Phillies History: Taking a Look Back on Phillies Cy Young Winners

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Steve ‘Lefty’ Carlton, Phillies 1970’s-’80’s Hall of Fame ace /

Four-Time Cy Young Winner Steve Carlton

Steve Carlton is one of, if not the, best pitchers in Phillies history. He is their career leader among all pitchers in Fangraphs wins above replacement and second to Robin Roberts in Baseball Reference WAR. He is the lone Phillies pitcher to win multiple Cy Young awards, racking up four in his tenure in Philadelphia.

Carlton’s first Cy Young came in 1972, his initial season in Philadelphia after being traded from St. Louis. That season was the best of his career by WAR standards, accumulating 11.1 fWAR and 12.1 rWAR that year. He led the National League in wins (27), ERA (1.97), starts (41), complete games (30), and strikeouts (310) that year.

Carlton was the unanimous winner of the award in ’72. He also earned his fourth All-Star appearance and finished fifth in NL MVP voting.

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Four years later in 1977, Carlton once again took home that honor. The only category he led the league in that year was wins, securing 23 that season. Carlton finished the year just sixth in fWAR. Despite trailing in most categories, Carlton still received 17 of 25 first-place votes and was on 87% of the ballots. Wins were the deciding factor for voters, something which likely wouldn’t have happened in today’s era.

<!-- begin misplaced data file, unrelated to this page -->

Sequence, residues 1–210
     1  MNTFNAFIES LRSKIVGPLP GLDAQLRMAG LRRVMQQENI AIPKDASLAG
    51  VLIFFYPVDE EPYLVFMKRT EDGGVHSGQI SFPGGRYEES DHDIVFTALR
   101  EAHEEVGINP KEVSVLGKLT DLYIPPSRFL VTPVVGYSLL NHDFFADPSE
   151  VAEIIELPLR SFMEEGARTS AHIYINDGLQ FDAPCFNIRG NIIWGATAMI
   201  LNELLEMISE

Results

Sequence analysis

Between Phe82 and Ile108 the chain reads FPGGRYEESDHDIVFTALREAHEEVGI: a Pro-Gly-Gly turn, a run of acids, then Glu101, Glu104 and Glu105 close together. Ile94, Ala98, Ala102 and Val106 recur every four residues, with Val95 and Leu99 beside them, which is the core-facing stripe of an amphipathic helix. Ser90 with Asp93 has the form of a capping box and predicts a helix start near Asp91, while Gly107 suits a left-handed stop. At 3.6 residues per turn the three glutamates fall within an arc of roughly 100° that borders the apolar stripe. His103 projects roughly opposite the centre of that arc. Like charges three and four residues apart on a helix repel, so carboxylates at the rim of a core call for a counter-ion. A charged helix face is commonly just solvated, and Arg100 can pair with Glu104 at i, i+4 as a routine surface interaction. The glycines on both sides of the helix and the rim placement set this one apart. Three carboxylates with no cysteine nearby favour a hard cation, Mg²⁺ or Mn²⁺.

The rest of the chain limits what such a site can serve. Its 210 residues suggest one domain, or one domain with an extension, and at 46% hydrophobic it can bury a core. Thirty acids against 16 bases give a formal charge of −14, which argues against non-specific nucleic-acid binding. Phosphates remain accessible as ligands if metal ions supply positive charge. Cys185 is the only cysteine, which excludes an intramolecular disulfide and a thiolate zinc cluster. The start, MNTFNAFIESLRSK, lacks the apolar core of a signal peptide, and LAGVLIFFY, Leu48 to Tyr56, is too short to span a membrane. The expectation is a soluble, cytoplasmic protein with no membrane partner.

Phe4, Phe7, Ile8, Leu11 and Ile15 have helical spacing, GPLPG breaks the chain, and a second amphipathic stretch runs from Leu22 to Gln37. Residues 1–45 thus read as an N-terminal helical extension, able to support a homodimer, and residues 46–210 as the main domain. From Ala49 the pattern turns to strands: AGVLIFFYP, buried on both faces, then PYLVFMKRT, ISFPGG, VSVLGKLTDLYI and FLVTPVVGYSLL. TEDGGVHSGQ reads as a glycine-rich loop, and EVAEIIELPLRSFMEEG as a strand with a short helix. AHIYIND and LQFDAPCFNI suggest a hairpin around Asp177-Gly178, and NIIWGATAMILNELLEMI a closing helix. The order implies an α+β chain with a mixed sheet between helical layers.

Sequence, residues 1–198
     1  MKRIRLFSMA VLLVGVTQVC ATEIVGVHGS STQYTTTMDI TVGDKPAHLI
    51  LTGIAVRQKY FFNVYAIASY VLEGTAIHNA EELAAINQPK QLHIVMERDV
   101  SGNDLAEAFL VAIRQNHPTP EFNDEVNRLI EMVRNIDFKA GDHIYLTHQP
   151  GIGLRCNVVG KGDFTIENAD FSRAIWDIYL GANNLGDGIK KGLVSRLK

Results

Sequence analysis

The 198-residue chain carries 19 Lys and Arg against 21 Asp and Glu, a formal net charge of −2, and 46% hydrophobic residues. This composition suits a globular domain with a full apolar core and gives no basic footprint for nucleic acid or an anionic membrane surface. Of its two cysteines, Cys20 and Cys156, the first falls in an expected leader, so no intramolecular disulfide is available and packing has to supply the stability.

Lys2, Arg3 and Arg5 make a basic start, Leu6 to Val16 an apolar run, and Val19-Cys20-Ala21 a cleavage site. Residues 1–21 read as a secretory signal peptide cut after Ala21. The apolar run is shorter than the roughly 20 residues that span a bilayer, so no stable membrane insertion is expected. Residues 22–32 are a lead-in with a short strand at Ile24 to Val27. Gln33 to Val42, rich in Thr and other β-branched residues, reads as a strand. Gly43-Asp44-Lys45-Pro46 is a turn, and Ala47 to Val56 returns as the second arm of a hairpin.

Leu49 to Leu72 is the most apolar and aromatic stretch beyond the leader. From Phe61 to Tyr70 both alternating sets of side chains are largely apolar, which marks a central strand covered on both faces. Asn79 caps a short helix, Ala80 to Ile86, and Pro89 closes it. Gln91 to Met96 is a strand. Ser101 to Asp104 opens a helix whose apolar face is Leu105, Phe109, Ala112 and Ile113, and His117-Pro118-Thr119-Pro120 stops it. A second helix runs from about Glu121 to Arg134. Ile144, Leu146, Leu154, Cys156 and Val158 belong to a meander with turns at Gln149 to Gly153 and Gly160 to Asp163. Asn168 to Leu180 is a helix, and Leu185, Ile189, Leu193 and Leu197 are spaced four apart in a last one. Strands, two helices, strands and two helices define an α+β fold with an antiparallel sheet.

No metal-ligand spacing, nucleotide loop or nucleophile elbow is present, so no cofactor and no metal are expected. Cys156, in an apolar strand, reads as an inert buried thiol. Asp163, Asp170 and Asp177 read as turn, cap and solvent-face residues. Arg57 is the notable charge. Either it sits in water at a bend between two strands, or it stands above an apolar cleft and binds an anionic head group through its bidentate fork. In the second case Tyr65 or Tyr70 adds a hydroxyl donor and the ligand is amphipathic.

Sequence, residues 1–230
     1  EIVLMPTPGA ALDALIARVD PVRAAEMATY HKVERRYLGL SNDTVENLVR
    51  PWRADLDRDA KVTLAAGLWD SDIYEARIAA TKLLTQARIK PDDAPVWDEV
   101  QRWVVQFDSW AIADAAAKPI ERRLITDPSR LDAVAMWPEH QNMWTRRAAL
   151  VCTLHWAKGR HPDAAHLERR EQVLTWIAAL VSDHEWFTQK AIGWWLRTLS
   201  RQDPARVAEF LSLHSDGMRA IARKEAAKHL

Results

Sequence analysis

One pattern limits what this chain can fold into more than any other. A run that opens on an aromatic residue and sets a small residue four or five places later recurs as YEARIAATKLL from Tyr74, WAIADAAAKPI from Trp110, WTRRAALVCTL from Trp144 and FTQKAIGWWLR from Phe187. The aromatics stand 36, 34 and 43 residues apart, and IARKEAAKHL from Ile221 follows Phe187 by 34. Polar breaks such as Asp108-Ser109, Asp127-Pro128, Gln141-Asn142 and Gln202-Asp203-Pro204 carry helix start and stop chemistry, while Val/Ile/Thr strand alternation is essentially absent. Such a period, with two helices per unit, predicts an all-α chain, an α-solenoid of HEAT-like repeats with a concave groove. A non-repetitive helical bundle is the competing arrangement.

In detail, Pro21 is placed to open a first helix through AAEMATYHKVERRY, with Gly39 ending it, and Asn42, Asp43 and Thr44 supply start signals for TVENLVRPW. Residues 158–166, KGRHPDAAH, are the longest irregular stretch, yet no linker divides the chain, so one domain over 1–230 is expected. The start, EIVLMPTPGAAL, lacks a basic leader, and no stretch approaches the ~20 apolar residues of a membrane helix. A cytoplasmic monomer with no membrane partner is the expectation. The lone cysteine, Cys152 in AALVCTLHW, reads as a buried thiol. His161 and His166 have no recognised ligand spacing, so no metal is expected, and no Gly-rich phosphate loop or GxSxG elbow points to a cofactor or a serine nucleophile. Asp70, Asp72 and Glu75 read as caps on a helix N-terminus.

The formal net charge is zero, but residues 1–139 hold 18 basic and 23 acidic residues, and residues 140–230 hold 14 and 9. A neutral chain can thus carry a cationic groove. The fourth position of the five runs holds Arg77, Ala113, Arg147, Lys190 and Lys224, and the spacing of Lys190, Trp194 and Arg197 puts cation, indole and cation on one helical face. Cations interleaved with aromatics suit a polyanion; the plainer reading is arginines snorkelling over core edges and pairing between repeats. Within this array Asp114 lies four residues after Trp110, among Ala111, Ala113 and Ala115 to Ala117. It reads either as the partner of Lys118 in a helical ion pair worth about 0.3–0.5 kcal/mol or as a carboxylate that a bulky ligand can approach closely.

1980 was the culmination of decades of toiling and suffering for Phillies fans, with Carlton playing no small part in bringing the team to a World Series championship. He finished the year with 24 wins in 38 starts. He led the league with 286 strikeouts as his 3.18 strikeout-to-walk ratio also led the league. While not created yet, Carlton finished with the best FIP and ERA+ that year.

Carlton received all but one first-place vote in 1980 for the Cy Young along with finishing fifth in MVP voting once again.

1982 was Carlton’s last hurrah before his magic started to run dry. In his age-37 season, he once again recorded the most strikeouts (286) as well as tallying 23 wins to lead the league for the last time in his career. He accumulated 8.2 fWAR that year, receiving 20 of 25 first-place votes for the award.

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